4 Ways to Maximize Your Available Warehouse Space

Tags: inventory management

There’s no denying it: running a large-scale warehouse can be a costly business. From your staff to the equipment, there’s a lot to pay for, which is why it’s critical for warehouses to run as efficiently as possible.

One of the most important responsibilities of warehouse managers is the optimization of the space to both increase the quantity of stock that can be stored and to ensure it can be located and moved safely and effectively. This requires innovative thinking, logistical knowledge and new technologies. Following are four ways to maximize your available warehouse space.

1. Optimize Aisle Width

Floor space in a warehouse is almost always defined by the aisles that house the stock. If your aisles aren’t properly optimized, this could be costly to your operation. It’s simple: removing wasted space from the equation allows you to increase the number of aisles and therefore the number of pallet racks, which means you can house more overall stock. Depending on the size of the racks and products you stock, reducing the aisle width from 12 to 6 feet could increase your storage space by up to 50 percent.

When determining the optimum aisle width, there are a few factors to consider. The forklifts you use can be the biggest hurdles to narrower aisles, as larger models may not fit comfortably into the reduced space or have enough room to carry out processes properly. You must also think about any floor staff who might be in the aisles. It’s for this reason that the optimum aisle width will be different for each operation. Be sure to accurately measure the dimensions in your warehouse and think through the different aspects that need to fit into each aisle.

2. Consider Cross-docking

Cross-docking allows a warehouse to minimize its use of storage by receiving, sorting and scanning inbound stock in a cross-docking terminal, and then loading this stock onto outbound trucks and vehicles without storing it in between. This means that stock won’t be stored unnecessarily between the legs of its journey and can instead be quickly sorted and put back into the distribution chain. While this logistical technique can be tricky to manage, it can save a lot of space if you are willing to invest in the necessary resources.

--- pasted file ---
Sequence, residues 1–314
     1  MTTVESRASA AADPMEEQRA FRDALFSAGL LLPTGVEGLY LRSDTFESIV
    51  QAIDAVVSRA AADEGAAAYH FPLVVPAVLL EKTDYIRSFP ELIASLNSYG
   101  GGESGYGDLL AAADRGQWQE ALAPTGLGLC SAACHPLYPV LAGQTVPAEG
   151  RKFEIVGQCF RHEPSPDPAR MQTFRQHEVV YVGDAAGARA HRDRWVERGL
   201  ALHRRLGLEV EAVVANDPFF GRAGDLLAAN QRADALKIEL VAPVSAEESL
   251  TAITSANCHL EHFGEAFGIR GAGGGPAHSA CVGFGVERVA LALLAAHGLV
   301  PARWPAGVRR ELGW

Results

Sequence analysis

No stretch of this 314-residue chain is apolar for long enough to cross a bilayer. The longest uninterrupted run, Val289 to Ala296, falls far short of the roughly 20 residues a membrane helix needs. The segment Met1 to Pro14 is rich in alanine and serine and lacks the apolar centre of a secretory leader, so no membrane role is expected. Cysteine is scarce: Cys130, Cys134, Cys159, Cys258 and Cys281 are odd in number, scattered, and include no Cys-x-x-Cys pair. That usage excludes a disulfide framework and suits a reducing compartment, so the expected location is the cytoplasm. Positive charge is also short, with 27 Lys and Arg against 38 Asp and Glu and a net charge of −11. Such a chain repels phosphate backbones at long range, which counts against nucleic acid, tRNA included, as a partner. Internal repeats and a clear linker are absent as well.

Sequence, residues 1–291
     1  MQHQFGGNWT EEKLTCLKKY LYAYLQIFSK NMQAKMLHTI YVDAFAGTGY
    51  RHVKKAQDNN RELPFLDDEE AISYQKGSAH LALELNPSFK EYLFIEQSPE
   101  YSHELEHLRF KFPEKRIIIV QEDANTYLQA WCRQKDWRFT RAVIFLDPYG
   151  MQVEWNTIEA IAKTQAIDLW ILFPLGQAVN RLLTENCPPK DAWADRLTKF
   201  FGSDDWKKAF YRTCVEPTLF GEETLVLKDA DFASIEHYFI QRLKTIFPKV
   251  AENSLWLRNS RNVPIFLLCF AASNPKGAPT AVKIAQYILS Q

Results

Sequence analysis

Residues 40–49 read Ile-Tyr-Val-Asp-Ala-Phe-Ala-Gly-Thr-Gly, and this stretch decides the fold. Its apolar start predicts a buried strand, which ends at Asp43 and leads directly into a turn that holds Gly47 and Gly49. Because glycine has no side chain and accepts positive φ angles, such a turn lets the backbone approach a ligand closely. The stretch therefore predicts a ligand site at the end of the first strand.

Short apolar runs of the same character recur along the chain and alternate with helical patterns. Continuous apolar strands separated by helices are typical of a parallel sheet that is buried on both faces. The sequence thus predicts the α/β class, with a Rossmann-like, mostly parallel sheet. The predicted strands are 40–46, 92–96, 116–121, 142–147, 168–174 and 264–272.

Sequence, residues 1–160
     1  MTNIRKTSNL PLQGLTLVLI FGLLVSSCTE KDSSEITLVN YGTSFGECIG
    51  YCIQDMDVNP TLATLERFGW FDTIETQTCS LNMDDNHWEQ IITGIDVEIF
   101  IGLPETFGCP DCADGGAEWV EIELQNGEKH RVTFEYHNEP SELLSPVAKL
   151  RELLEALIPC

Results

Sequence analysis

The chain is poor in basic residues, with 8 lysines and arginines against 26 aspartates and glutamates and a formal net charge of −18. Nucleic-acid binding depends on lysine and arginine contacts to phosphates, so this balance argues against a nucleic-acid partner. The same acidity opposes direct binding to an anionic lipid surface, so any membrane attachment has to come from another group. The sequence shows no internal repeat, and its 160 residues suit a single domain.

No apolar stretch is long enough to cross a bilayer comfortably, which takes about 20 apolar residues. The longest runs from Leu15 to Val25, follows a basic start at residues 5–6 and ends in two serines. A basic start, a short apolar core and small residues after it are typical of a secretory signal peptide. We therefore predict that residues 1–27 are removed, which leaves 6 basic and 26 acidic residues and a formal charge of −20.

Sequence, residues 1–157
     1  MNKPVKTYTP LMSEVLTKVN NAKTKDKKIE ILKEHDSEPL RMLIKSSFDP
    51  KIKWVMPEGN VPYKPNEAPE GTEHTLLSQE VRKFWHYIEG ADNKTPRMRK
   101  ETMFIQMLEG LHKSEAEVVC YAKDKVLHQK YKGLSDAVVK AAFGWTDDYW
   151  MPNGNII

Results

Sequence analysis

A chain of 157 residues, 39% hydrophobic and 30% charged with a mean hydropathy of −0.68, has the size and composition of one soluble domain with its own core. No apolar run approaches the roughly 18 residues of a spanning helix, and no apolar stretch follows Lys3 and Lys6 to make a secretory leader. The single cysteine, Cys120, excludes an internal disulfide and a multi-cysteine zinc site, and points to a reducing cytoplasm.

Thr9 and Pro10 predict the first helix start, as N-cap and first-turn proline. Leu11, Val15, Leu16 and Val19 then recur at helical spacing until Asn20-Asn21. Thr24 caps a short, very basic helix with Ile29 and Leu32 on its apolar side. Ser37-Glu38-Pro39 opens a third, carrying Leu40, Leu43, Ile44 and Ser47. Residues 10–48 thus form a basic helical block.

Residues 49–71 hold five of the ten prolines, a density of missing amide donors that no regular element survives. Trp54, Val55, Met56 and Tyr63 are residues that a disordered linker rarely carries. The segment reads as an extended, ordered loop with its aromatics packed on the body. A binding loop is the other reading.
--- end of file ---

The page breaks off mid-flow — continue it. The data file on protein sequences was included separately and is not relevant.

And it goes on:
3. Make Full Use of Upward Potential

If floor space is tight, it’s probably time to explore your upward options. Modern shelving systems offer vertical storage that can drastically improve your overall capacity, whether you extend up by 1 foot or 10 feet. Before you add more tiers, always consider how stock at higher levels will be transported. Ensuring you have the capability of delivering, locating and removing stock from all rack tiers before installing them will eliminate the risk of a last-minute surprise when you realize your forklifts don’t reach that elevation.

4. Organize Offsite or Supplier Storage

Inventory management is critical, and if you’re overstocking items that haven’t been purchased, it can take up space that could be used for goods due to be shipped sooner. Instead, make use of offsite storage and reserve the primary warehouse for fulfilling orders already made. This will enable you to streamline your operation by separating your total stock into more manageable and locatable groups.

Alternatively, many suppliers will offer warehouse space for overstock, especially when it comes to packaging materials. More often than not, they will be happy to store them at their site for you and deliver them in weekly shipments, which means you can avoid excess stock and materials sitting unused for extended periods. In addition, you may be able to increase or decrease your incoming orders from them, which gives you greater flexibility on a week-by-week basis.

Remember, no two warehouses are the same. With different requirements for different types of stock, logistical considerations for deliveries and a variety of shapes and sizes to consider, optimizing your warehouse space is no easy task, but it is an important one. Moving to a new space or purchasing additional storage can be expensive, which is why it’s crucial to make the most of what you have available. Put these ideas into action today to get started.

About the Author

Simon Mitchell has managed successful companies in Europe and the United States that are focused on delivering exceptional value to clients. He currently serves as the managing director for Action Storage, which offers a diverse range of storage products as well as technical expertise to help businesses operate more efficiently.

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